Speaker 1:

We just didn't put two and two together until we got pretty deep into the conversation and there were like little red flags all along the way, bits and pieces along the way, because literally within the first few minutes he said something about Jason and his sobriety, and very judgmental.

Speaker 2:

Yeah, can I say something too? Is I get really excited to have men on because we do have male listeners and I want to have that perspective too. Yeah, but it was a conversation and when I say safety, it's not like I know. It was a virtual interview, so it's not a physical he was not a physical threat, but it was not a safe space to have a conversation and I think that's really disappointing that like it happened with a man and it was like aggressiveness and not letting us speak and not like and someone in the space that, like we thought we were on the same team in Like someone who's in a recovery field. And an expert, and so I think, too, like how disappointing that you're an expert in this space and that's how you talk to people, whether you agree with them or not, it doesn't even matter.

Speaker 1:

I'm gonna say something and it's gonna sound mean maybe it's not, but like Doubted, is he an expert, because I don't think he was an expert. I think he just has 20 years of sobriety under his belt and opened a treatment center.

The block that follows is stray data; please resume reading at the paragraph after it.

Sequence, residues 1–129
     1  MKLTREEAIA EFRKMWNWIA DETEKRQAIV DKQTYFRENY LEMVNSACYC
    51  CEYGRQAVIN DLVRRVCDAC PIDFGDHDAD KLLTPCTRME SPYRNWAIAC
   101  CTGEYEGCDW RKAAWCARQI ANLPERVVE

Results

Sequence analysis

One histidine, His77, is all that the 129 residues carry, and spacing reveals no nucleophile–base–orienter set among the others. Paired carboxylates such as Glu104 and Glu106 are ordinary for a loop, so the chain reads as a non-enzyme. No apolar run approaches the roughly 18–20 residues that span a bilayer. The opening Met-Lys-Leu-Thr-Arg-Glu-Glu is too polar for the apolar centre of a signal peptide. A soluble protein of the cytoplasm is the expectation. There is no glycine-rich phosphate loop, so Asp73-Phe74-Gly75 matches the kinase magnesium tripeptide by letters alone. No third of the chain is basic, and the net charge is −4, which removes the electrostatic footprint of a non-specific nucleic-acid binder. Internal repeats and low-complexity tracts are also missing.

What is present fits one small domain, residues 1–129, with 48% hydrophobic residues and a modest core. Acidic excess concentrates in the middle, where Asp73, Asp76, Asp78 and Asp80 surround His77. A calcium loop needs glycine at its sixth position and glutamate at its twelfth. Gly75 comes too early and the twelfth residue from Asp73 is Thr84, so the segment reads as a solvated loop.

Speaker 2:

He's not a therapist.

Speaker 1:

He's not a psychiatrist, he's not a specialist. He literally just is sober. That doesn't make him an expert in any way, more than we're mushroom experts we're not. You should have said that.

Speaker 2:

If I was frozen-.

Speaker 1:

How much money would you have given me?

Speaker 2:

I would have given you like easily, like 20 bucks. Damn damn. You should have said that, but I didn't-. But we don't claim to be experts.

Speaker 1:

Right, right right.

Speaker 2:

But it was very much. So I know this and you know nothing. That's what it very much felt like.

Speaker 1:

Very much felt like, so let's get into it and you said like, even though you couldn't hear some of what was being said, you could see my face and neck turning red, because, if you know me, in any type of confrontation or situation where I'm feeling anxious or scared or upset, my entire face and neck turn bright, red and blotchy.

Speaker 2:

I can't hide it. You would have been a really good poker player. No, I would not, leah, it was a joke. It was a joke, I know, I know, yeah, okay, but it would have been like, oh yeah, leah's fucked her next turning red.

Speaker 1:

Yep, yep, don't believe a word. She says.

Speaker 2:

She's lying. She's breaking out of a rush. She's lying.

Speaker 1:

I do, I break out.

Speaker 2:

Okay, so you brought up Jason, let's talk about that. Okay, because you know we were excited to talk to an quote expert with addiction.

Speaker 1:

Well, I do want to say this because we didn't mention this, but I was listening to a podcast and I did bring this up to him where it was talking about how the recovery and rehab industry is really big because they depend on repeat clients.

Speaker 2:

Meaning people who will relapse.

Speaker 1:

Right.

Speaker 2:

What was the Starbucks?

Speaker 1:

The numbers there's more rehab facility centers than there are Starbucks.

Speaker 2:

Which is fucking wild, because there are Starbucks everywhere.

Speaker 1: